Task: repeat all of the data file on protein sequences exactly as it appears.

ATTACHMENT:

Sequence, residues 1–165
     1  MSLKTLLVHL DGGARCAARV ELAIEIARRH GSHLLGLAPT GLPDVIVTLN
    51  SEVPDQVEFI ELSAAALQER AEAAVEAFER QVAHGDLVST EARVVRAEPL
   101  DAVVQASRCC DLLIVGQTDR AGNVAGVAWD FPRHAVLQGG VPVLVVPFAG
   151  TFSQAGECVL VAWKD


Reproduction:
Sequence, residues 1–165
     1  MSLKTLLVHL DGGARCAARV ELAIEIARRH GSHLLGLAPT GLPDVIVTLN
    51  SEVPDQVEFI ELSAAALQER AEAAVEAFER QVAHGDLVST EARVVRAEPL
   101  DAVVQASRCC DLLIVGQTDR AGNVAGVAWD FPRHAVLQGG VPVLVVPFAG
   151  TFSQAGECVL VAWKD